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U.K. Natural Gas Suppliers Facing Price Pressure: Minister

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(Bloomberg) -- U.K. Business Secretary Kwasi Kwarteng called another round of emergency meetings with leaders of the natural gas industry, seeking to head off a crisis as suppliers face increasing pressure from an unprecedented surge in energy costs.

Kwarteng met with senior executives from energy companies and regulators Saturday to discuss the jump in gas prices that’s threatened to shut suppliers and disrupt industries from fertilizer to meat. Kwarteng will meet with the regulator, Ofgem, tomorrow and convene another meeting with executives on Monday to plan a way forward.

“I was reassured that security of supply was not a cause for immediate concern within the industry,” Kwarteng said in a statement.

Europe’s energy crisis has helped push natural gas prices to records in the U.K. The squeeze in natural gas supply and the jump in prices has forced at least five U.K. energy suppliers to shut. The executives assured Kwarteng that there was no threat to gas supplies as the country moves into the colder winter months.

“Ofgem has robust measures in place to ensure that customers do not need to worry, their needs are met, and their gas and electricity supply will continue uninterrupted if a supplier fails,” according to a government statement.

Read More: U.K. Energy Suppliers Go Out of Business As Prices Jump

Natural gas is crucial to power generation for homes and industry and for heating in winter, with more than 22 million households connected to the grid in 2020. Bills will go up for 11 million households from Oct. 1 and the rising bills will put upward pressure on inflation, which unexpectedly leaped above the Bank of England’s 2% target in the past few months.

‘Dry Ice’

Apart from hitting consumers, the higher prices and tight supply is having a knock-on effect across the economy, leading to two U.K. fertilizer plants halting output, and threatening shortages of carbon dioxide -- a byproduct of fertilizer production -- relied on by the food industry.

Carbon dioxide is used to stun animals for slaughter, in food packaging that boosts shelf life and in the ‘dry ice’ that keeps freezer items frozen during delivery. The British Meat Processors Association warned that CO2 supplies could run out within two weeks, forcing slaughterhouses to close just as pig producers are already facing the imminent prospect of culling animals.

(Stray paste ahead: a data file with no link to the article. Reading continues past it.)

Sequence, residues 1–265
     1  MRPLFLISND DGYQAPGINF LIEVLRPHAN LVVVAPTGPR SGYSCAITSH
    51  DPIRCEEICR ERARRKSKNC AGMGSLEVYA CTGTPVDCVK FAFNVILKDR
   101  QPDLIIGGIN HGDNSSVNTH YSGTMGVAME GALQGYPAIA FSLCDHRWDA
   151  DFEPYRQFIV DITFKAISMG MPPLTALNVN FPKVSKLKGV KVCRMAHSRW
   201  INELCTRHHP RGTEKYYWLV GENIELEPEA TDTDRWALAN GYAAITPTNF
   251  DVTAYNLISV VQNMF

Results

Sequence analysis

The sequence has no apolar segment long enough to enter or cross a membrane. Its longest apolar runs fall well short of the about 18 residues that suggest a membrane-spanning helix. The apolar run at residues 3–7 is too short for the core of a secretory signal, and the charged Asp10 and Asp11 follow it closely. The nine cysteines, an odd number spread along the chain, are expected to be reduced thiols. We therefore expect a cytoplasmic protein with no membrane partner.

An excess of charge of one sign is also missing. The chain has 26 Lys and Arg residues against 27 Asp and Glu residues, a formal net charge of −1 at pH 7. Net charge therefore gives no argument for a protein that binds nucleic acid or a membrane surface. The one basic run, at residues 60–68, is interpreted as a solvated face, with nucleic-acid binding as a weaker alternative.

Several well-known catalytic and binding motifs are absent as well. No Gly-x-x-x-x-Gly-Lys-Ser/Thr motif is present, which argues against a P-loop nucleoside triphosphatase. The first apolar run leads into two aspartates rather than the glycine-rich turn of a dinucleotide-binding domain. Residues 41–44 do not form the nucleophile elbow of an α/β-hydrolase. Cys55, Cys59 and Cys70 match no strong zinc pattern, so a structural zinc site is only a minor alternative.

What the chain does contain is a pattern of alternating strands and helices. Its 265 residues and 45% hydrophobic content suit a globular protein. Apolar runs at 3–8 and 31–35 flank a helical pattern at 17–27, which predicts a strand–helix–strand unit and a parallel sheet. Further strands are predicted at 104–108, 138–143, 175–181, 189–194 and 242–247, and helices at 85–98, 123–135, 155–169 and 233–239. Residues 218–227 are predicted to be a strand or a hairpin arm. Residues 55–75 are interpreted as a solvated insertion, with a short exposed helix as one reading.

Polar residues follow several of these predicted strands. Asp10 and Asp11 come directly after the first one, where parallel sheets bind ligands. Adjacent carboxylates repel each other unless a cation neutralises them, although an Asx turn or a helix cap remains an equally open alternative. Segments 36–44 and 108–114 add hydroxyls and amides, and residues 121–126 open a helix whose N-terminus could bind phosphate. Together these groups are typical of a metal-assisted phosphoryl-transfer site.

Read More: Energy Crisis Brings Fresh Chaos for Battered U.K. Food Supplies

An unprecedented energy crunch in Europe has been brewing for years, with the continent growing increasingly dependent on intermittent sources of energy such as wind and solar while investments in fossil fuels declined. The uptick in global gas demand as economies bounce back from lockdown coupled with lower gas reserves after last year’s cold winter is also putting pressure on prices.

“Ofgem is working closely with government and industry to ensure consumers continue to be protected while global gas prices are high,” a spokesman for the U.K. regulator said.

The agriculture industry may also be hard hit. Earlier this week, CF Industries said it’s halting two U.K. plants due to soaring energy costs. Norwegian fertilizer maker Yara on Friday said that it will by next week have curtailed about 40% of its European ammonia output capacity as record-high gas prices hit production production.

Fertilizer prices jumped in the past year as a crop rally helped farmers boost purchases. They’ve been further supported after Hurricane Ida struck the heart of the U.S. fertilizer industry and Storm Nicholas threatened more damage in the Gulf of Mexico. Higher nutrient costs risk exacerbating global food inflation at a time when hunger is on the rise, particularly in poorer nations.

(Adds comment from regulator in 10th paragraph)

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